The National Highway Traffic Safety Administration (NHTSA) has scheduled a meeting for Jan. 27 to draw lessons from representatives of the six states that currently have laws in place requiring seat belts on school buses.
During a November announcement that called for three-point, lap-shoulder belts on all buses nationwide, NHTSA Administrator Dr. Mark Rosekind said he would be seeking input from the governors of California, Florida, Louisiana, New Jersey, New York and Texas regarding their laws and each respective state’s experiences in implementing them. Rosekind added during his remarks that he also wanted to hear recommendations from a local school district in each state with seat belt experience as to how NHTSA could “best start a nationwide movement.”
Apparently, the upcoming meeting will be closed to the public. NHTSA had yet to respond to a request for confirmation on the meeting at this writing, but the National Association of State Directors of Pupil Transportation Services addressed a letter to Rosekind on Thursday, offering to assist with the meeting.
“NASDPTS understands and agrees that there is no direct role for us or other groups in this focused, ‘six states’ meeting. Nevertheless, we are available and anxious to assist the agency in school bus safety initiatives, so we would encourage follow-up meetings with NHTSA and its staff as the agency develops and implements its specific plans to implement your priorities,” wrote NASDTPS President Leon Langley, the state director of transportation at the Maryland State Department of Education.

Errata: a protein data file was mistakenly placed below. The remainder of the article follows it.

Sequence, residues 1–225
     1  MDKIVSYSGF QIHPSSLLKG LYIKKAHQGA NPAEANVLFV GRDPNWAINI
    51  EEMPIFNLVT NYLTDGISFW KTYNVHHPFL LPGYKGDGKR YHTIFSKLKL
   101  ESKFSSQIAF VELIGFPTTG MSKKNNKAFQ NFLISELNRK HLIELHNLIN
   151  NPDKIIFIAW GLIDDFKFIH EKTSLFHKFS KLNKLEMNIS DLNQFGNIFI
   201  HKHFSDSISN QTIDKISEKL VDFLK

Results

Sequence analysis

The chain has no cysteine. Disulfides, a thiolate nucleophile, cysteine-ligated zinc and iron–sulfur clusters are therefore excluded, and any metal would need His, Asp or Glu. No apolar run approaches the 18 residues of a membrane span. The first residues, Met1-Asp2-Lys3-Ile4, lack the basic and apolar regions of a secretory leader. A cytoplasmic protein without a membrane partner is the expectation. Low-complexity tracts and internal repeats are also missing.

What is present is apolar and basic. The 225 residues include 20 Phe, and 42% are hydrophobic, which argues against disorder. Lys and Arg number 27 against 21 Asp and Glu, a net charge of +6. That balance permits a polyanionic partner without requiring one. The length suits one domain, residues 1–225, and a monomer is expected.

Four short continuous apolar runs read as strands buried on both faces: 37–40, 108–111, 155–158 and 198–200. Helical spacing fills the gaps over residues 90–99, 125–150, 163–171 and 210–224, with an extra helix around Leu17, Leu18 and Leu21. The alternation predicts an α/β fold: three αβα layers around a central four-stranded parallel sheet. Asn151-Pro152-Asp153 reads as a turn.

Langley added in his letter that NHTSA is available to assist NHTSA with “renewed efforts” to increase the safety of students who are waiting for their school buses as well as during loading and unloading.
Last month, the National Association for Pupil Transportation and the National School Transportation Association jointly expressed concern in a letter to NHTSA about the call for seat belts on all school buses. The organizations agree that, while they are not opposed to seat belts, they stressed that any mandate on the occupant restraints should wholly rely on scientific data and must not result in school districts cutting transportation service because of any budget shortfalls that may arise from being forced to purchase and install the equipment.
NAPT and NSTA also expressed worry that students may not correctly wear the seat belts and that the restraints could impede evacuation in the event of an emergency.